James Silberman is a guest contributor to the FPIW Blog. He is a pro-life activist from Gig Harbor, WA, and a student at Whitworth University.

FPIW Joins Effort to Encourage Trump to Protect Religious Freedom

FPIW has joined with dozens of pro-family organizations asking President Trump “to swiftly sign a broad religious freedom Executive Order protecting the right of all Americans to freely live out their faith.”

In a letter to President Trump, Vice President Pence, Speaker Ryan, and Majority Leader McConnell, the organizations call on the new presidential administration and Congress to reverse President Obama’s attacks on religious freedom and enact strong protections for the sacred right.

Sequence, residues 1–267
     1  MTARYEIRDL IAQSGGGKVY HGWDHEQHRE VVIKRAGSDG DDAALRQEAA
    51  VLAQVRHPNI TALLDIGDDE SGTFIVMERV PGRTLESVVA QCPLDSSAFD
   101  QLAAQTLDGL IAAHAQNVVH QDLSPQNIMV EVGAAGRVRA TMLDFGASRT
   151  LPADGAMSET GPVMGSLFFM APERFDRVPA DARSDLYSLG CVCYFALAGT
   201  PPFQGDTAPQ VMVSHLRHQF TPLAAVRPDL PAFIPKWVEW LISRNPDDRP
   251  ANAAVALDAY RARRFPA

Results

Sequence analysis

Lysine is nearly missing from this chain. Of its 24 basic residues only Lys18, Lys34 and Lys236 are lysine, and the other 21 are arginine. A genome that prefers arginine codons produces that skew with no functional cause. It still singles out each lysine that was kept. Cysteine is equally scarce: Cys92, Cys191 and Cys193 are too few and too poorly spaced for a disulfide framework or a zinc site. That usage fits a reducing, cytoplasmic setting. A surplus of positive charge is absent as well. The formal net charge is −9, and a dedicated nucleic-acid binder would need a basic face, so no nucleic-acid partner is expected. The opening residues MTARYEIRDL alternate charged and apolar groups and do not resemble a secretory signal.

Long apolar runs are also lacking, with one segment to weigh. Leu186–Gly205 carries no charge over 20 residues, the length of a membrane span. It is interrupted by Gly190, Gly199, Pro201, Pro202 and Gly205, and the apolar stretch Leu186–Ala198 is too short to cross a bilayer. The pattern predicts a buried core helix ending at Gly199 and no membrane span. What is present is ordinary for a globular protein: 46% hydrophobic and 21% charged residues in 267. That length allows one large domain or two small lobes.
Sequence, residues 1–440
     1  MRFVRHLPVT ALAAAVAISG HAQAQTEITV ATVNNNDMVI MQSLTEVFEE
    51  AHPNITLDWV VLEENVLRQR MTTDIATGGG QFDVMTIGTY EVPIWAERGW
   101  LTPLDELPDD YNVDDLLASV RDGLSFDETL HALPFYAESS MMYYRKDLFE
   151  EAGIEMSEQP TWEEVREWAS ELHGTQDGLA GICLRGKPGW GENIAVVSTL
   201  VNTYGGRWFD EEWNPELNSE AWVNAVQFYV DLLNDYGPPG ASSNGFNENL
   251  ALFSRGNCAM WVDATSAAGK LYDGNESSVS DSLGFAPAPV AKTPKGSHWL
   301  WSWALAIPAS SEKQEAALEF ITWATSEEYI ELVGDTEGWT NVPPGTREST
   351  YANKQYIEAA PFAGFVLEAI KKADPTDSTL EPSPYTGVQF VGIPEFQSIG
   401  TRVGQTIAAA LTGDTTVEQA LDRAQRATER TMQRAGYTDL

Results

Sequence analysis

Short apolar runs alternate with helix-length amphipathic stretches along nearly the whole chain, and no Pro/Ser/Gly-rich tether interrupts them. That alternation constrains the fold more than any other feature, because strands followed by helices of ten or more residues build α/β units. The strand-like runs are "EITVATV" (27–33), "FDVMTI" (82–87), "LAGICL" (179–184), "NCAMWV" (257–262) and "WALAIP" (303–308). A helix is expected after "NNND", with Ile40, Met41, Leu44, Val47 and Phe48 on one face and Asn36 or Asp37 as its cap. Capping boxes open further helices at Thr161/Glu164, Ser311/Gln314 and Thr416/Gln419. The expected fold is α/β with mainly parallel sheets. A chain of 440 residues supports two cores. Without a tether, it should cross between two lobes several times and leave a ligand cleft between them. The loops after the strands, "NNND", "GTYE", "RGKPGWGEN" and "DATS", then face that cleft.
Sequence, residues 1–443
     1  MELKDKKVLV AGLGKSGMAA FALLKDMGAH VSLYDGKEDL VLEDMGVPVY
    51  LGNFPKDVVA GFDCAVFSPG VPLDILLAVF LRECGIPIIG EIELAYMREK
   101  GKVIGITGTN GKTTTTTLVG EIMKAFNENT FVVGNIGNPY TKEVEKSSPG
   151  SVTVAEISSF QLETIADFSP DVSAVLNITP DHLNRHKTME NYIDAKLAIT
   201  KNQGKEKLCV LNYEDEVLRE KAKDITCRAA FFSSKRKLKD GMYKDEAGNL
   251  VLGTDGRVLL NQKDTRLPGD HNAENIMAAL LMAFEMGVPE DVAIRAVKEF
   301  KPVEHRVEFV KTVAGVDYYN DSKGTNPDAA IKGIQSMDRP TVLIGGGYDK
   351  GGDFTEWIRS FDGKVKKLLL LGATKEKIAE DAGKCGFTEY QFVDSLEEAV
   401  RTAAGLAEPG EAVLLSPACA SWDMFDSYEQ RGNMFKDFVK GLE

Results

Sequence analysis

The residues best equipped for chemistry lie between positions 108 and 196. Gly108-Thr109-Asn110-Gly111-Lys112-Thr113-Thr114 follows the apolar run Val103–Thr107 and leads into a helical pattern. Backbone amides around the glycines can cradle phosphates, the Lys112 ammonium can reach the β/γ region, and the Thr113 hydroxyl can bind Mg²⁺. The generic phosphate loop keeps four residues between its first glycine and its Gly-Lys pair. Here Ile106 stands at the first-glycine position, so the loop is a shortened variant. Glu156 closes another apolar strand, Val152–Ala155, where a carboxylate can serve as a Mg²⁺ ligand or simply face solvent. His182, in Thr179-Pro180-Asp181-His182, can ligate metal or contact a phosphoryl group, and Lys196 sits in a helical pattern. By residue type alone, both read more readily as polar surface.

The letter evokes many high profile religious liberty cases of the last eight years, including Hobby Lobby, Little Sisters of the Poor, Illinois Catholic Charities, and Sweet Cakes by Melissa:

“Under his ‘hallmark achievement’ (Obamacare) alone, the Obama Administration attempted to: force Christian family-owned businesses like Hobby Lobby to pay for drugs and devices that can cause early abortions, force Christian charities like the Little Sisters of the Poor to include those same drugs in their healthcare plans, and contravene longstanding federal policy protecting Americans from being forced to fund abortions against their religious beliefs. …